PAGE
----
Gleason, who has relied heavily on Brigance’s advice, also is anxious for the get-together.

“I regularly lean on [Brigance] for advice on topics like wheelchairs, diet, maintenance and therapy,” said Gleason, 35, who also communicates through the DynaVox device. His responses to questions were emailed to Newsday.

Gleason is committed to raising ALS awareness, and uses his website — TeamGleason.org — to spread the word.

“ALS is a terminal disease that prevents your brain from communicating with your muscles,” he said. “It leads to paralysis and death. I have it. You have not heard much about ALS because it is under-funded and under-resourced. As a result, most patients are forced to fade quietly and die. O.J. and I and, really, the entire current generation of ALS patients are on a mission to change that.”

Gleason isn’t sure if football caused him to get ALS, but his main focus is finding a cure and advocating for other ALS patients. “Although recent studies show a higher incidence of brain disease in NFL players, our best scientists are still unable to determine what causes ALS,” he said. “I think O.J. and I are focusing our efforts on finding solutions. We are trying to use our platform to find solutions for the thousands of people who never played in the NFL who die every year from ALS.”

Brigance would like nothing more than to see the disease eradicated, and he hopes to partner with Gleason and spread the message.

In the meantime, there is one more piece of football business ahead in New Orleans for the Ravens’ inspirational leader. Does he believe the Ravens have what it takes to beat the 49ers?

No words are necessary for this one.

His smile says all you need to know.

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_______________________________——————————————pp# # #

The Robert A. Stehlin Campaign for ALS (R.A.S.C.A.L.S.) is a 501(c)(3) public charity.

100% of all funds raised go to building awareness, treatment research and development, plus ALS family assistance. There are no administrative costs.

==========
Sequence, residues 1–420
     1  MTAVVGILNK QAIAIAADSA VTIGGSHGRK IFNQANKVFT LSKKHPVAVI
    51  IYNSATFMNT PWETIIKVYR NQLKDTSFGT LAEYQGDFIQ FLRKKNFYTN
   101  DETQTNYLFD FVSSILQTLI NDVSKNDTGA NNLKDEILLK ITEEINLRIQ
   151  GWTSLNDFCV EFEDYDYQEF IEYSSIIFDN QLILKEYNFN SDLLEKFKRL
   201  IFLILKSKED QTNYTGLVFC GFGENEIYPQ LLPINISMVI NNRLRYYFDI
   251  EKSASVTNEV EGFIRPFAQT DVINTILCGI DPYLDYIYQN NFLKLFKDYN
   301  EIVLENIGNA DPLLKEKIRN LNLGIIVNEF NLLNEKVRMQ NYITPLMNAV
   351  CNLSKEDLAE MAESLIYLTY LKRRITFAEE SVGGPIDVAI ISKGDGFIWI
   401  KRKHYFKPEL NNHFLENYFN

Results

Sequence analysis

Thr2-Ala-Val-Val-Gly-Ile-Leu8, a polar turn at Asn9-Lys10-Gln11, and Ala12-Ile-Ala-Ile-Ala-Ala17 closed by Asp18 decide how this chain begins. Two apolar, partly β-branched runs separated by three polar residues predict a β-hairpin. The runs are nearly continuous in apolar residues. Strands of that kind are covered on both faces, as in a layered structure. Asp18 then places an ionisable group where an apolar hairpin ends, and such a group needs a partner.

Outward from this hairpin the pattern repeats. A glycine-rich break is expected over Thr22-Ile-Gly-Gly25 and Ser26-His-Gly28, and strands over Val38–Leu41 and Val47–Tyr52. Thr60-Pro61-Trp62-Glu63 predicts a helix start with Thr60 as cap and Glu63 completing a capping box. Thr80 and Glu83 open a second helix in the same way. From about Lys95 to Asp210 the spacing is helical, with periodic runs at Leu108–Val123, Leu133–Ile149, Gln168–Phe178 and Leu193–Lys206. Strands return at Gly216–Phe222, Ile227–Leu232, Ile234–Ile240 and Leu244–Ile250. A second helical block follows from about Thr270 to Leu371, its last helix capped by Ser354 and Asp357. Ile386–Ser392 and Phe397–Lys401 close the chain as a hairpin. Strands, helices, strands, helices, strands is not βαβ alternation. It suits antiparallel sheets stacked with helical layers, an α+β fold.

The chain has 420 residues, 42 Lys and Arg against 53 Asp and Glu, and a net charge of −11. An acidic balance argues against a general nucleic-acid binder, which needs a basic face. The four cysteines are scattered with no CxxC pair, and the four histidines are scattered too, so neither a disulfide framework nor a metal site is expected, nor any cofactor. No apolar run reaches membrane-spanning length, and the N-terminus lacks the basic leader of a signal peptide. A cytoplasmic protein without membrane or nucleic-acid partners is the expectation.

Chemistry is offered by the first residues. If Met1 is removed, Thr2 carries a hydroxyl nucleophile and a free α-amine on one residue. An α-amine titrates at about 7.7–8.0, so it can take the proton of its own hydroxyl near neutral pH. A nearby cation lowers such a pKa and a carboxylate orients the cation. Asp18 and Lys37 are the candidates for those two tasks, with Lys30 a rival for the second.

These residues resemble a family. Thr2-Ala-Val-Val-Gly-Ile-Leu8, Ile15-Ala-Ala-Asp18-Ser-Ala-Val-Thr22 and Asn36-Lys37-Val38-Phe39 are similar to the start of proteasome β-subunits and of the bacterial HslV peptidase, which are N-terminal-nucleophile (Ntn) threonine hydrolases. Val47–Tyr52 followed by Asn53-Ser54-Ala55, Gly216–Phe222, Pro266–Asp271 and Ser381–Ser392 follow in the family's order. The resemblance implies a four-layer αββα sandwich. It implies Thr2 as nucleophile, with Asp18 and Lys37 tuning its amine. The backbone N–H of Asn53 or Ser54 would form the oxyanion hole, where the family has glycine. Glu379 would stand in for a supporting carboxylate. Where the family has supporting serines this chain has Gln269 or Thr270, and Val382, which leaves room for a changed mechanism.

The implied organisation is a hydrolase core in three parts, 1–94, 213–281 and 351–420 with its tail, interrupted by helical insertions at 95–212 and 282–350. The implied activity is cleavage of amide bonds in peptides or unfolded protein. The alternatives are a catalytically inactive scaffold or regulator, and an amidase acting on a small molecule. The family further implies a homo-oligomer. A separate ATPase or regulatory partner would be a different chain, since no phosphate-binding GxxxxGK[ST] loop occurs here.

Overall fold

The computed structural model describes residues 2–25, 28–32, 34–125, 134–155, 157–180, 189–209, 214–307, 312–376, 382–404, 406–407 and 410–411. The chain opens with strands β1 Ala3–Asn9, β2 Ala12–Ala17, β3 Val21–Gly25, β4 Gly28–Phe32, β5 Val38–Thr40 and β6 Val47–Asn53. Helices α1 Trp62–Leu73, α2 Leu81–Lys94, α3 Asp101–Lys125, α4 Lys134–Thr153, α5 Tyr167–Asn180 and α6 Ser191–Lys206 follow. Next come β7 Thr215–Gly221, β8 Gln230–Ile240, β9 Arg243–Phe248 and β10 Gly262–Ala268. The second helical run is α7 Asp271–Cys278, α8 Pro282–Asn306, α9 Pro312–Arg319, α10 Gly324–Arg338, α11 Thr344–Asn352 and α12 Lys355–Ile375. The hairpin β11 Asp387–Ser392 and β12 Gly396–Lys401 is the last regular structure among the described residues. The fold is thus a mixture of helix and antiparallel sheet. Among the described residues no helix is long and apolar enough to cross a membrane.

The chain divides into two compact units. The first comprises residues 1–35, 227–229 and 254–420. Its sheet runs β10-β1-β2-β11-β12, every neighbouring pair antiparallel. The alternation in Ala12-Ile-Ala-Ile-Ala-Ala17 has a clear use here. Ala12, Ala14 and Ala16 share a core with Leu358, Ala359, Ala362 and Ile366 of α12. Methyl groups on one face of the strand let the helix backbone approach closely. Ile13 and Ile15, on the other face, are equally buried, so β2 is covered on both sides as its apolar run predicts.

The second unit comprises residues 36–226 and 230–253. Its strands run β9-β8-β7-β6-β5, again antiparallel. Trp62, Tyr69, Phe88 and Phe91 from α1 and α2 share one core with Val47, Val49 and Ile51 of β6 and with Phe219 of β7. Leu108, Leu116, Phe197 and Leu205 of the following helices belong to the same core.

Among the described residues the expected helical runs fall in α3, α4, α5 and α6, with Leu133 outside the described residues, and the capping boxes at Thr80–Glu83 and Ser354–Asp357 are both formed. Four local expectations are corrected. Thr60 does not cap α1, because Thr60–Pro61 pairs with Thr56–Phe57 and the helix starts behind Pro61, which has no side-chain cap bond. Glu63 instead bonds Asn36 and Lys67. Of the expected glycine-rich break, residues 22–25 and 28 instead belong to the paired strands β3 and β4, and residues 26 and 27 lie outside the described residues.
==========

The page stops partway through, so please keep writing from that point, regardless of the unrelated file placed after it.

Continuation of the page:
Contributions are tax-deductible.

The Robert A. Stehlin Campaign for ALS (R.A.S.C.A.L.S.) is a 501(c)(3) public charity.

100% of all funds raised go to building awareness, treatment research and development, plus ALS family assistance. There are no administrative costs.

Contributions are tax-deductible.

 # # #

Above & Beyond:

Sarah Farrell: Veterans fight a battle against Lou Gehrig`s disease

Originally posted at The Morning Call, Easton Area News

“Do you want to hear about my adventure yesterday?” my dad says to me on the phone.

“Oh man, what adventure?” I say.

“Well, the other day I was Superman. I got out of the shower and realized I couldn’t dry my back.” He pauses and laughs. “So I bent low and I threw the towel over my shoulder and used my cape.”

I can hear the smile in his voice as he retells this daily undertaking, similar to other stories I have heard about flying monkeys, Rin Tin Tin, and the boa constrictor, car-vacuum hose.

I am 27-year-old teacher, and I am also an advocate for my dad, Don Farrell. He was diagnosed last year with Lou Gehrig’s disease. Once an avid singer and active community member, he is losing the ability to walk, talk, eat and be independent at the age of 52. He can no longer keep up with his needed housework or complete simple tasks that many of us take for granted. He has retired early from his career in Harrisburg to his home in Mount Joy, Lancaster County.

Since my dad is limited in his daily experiences, he now spends his time writing a book to share his philosophies about love and finding meaning in life. It helps him cope with the hardships, which truly are brought upon all of us in different forms. He finds support with his wife, Joan, who slowly assimilates into a caretaker role. My dad will lose his life sooner than he planned; he will not be able to walk me down the aisle one day or enjoy his retirement. Much has changed for his path; in the meantime, he will need many services and accommodations to be comfortable.